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Thomas Claburn
Thomas Claburn
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10 Productivity Tools To Help You Win At Work

There is no shortage of productivity tools -- some great, some not so great -- to help you get the job done. Life's too short to use bad software. Here are 10 tools to make online life better.
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(Image: f.lux)

(Image: f.lux)

There's no right way to work. We can agree on goals like productivity, quality, and integrity, but we don't have to use the same tools to achieve those goals. Some people are committed to Microsoft Office. Others prefer Google Docs or OpenOffice or something else entirely. Windows fanatics, Mac zealots, and Linux diehards can agree to disagree as long as the work gets done. Use whatever works for your organization and for you. Hopefully, you're allowed some choice.

With that said, I have some recommendations for software that may brighten your day, or in the case of the first app in this collection, your screen.

That Warm Glow

f.lux is a free app for OS X that alters the color temperature of your computer screen to suit the time of day. Graphic designers, you can sit this one out, since messing with the way color gets displayed on screen is a bad idea. But for everyone else, your screen color temperature matters because nighttime exposure to the blue-tinted light of a computer display can affect your sleep. And lack of sleep can affect your health and your work.

If you can somehow manage to avoid staring in your computer screen in the evening, this may not be an issue. But many of us, probably to the dismay of family and pets, stare at our laptops in the evening for work or entertainment.

f.lux makes night time computing less disruptive to your sleep cycle by altering the color temperature of the screen to match the time. In the day, it keeps your computer screen at a daylight color temperature, 6500K. At sunset, it will reduce the color temperature down to 3400K, a shift away from blue toward a yellow tint. Later in the evening, it will drop the color temperature down further, to 1900K, getting rid of more blue. This makes the screen appear slightly orange. It's unexpectedly pleasant.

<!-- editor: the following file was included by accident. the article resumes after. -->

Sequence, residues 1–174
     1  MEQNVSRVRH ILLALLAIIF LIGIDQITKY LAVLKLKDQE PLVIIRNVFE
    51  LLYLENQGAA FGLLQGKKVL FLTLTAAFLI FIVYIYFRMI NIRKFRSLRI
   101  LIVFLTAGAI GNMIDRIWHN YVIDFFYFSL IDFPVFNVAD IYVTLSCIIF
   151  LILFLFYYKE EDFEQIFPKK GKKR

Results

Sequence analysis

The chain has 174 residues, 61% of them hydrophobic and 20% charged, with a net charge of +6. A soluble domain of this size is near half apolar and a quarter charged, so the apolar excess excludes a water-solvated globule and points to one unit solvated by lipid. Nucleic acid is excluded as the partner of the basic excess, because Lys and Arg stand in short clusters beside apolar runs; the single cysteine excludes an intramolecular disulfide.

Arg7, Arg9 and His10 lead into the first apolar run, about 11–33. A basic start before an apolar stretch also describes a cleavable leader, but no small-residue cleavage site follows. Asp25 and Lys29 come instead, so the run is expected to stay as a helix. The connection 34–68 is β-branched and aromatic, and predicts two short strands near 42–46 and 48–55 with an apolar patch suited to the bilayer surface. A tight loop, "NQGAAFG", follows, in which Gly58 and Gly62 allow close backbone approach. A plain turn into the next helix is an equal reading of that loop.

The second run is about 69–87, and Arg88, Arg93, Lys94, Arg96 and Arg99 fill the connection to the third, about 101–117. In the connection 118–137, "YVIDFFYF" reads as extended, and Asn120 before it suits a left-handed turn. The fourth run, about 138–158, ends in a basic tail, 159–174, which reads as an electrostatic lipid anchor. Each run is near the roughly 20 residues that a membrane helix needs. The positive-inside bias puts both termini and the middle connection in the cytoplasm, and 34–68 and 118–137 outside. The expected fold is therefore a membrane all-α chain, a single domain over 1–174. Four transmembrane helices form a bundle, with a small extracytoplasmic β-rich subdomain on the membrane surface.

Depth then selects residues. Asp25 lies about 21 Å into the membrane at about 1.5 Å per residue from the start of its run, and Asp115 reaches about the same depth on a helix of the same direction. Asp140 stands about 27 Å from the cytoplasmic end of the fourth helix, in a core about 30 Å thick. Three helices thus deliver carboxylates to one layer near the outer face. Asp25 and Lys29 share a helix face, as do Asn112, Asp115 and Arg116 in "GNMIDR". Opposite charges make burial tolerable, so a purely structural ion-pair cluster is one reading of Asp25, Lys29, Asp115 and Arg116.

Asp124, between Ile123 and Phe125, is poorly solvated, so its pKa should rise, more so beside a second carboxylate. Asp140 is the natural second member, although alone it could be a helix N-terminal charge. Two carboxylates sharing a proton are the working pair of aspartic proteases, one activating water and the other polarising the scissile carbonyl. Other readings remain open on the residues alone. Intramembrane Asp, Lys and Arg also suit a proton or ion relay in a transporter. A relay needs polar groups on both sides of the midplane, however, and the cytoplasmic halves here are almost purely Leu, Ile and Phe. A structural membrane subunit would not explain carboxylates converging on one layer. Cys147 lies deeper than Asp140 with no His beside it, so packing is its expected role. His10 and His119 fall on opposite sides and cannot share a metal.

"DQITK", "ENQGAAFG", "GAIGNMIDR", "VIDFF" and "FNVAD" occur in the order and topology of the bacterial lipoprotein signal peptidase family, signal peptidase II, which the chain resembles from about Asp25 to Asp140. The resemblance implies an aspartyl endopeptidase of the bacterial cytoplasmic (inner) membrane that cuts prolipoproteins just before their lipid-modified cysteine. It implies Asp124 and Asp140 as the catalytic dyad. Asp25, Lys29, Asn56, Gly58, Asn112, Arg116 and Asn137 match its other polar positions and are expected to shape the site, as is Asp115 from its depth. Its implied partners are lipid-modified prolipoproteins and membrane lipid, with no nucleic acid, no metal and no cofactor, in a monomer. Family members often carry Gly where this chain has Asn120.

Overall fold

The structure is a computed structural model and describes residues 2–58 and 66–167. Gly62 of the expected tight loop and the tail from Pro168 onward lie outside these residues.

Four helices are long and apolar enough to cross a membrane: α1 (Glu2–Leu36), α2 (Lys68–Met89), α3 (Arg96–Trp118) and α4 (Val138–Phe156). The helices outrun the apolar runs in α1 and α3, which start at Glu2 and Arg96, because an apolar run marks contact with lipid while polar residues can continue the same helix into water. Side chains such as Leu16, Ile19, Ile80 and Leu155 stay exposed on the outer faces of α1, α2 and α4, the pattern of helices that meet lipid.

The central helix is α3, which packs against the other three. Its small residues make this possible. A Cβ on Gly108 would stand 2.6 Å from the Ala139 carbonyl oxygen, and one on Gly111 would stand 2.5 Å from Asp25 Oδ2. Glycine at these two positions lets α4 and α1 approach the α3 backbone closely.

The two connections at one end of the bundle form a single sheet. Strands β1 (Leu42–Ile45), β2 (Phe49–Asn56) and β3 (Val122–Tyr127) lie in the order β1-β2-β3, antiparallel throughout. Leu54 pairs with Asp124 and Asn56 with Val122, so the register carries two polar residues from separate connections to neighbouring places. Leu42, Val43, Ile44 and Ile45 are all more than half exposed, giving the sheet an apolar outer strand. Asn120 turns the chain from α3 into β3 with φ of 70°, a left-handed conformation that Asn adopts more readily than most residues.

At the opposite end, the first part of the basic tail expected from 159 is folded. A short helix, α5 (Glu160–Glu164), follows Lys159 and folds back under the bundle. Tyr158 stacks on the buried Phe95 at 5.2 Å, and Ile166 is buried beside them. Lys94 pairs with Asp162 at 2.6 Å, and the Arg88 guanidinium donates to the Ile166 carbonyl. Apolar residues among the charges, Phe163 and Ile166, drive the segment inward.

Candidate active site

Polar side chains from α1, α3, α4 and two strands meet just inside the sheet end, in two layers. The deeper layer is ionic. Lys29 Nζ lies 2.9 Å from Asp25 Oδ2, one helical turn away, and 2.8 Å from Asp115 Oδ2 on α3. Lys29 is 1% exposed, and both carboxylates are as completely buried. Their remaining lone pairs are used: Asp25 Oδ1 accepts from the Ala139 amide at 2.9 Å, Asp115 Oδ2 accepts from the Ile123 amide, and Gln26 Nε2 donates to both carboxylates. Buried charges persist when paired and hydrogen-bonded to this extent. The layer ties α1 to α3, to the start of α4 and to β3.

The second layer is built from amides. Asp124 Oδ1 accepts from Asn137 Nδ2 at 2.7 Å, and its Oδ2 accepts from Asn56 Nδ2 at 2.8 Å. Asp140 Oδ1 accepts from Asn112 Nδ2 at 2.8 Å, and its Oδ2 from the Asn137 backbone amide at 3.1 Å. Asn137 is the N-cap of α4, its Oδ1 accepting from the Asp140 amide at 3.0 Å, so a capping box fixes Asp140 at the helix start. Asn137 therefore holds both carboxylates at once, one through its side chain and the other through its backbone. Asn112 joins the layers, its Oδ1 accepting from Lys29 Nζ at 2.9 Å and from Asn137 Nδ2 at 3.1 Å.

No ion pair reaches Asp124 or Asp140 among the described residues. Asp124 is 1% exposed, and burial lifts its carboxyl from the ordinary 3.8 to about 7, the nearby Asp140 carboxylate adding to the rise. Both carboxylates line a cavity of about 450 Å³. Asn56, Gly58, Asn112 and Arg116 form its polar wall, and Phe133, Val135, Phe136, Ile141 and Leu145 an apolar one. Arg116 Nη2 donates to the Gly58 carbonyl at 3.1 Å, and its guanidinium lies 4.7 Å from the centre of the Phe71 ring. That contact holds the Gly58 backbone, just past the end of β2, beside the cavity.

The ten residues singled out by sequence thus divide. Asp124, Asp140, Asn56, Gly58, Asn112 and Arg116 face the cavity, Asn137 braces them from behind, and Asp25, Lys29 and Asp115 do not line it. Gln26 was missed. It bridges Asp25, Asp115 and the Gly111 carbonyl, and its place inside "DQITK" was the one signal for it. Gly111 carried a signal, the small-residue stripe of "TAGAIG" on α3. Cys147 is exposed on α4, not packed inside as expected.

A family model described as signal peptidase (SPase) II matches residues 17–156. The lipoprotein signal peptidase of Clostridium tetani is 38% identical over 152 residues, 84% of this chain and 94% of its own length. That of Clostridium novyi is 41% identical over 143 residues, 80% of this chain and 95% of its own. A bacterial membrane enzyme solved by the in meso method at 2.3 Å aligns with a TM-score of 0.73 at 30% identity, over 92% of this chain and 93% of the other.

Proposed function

This may sound like physiological quackery, but there's some science behind it. f.lux can make a difference if your screen time has ever delayed your bedtime. (Also, it helps not to play Call of Duty or the like right before you head to bed.)

[See 11 iPhone Apps To Get Healthy, Wealthy, And Productive.]

But don't settle down just yet. Read on to learn about more indispensible apps. Then let us know what you think. Which ones did we miss? What is your go-to app for keeping productive?

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Thomas Claburn has been writing about business and technology since 1996, for publications such as New Architect, PC Computing, InformationWeek, Salon, Wired, and Ziff Davis Smart Business. Before that, he worked in film and television, having earned a not particularly useful ... View Full Bio

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User Rank: Apprentice
5/21/2016 | 11:09:39 AM
Great article, thanks. I didn't know about Numerous, I will definitely try it out. As an entrepreneur, I'm always trying to manage my time in the best way possible. What I have found to be the ultimate productivity hack is to setup a personalized browser start page with all the links and RSS feeds I frequently use. I'm using https://start.me for this and it saves me a few hours per week easily.
User Rank: Ninja
2/9/2016 | 8:51:57 AM
Paper is awesome.
Paper is a great app I discovered a few months back and I am a big fan of it. Its intuitive, its responsive, its fast, its awesome. I think its not released on Android yet.
User Rank: Ninja
2/2/2016 | 1:43:16 PM
Slack chat logs...
I love the idea of Slack, but what I don't like is having those "conversations" archived - while I may want to do that sometimes, often times I would perfer to say certain things off record or else I would just send a group email instead.  I couldn't really tell exactly where they were archived to, but my guess is a server/cloud somewhere...
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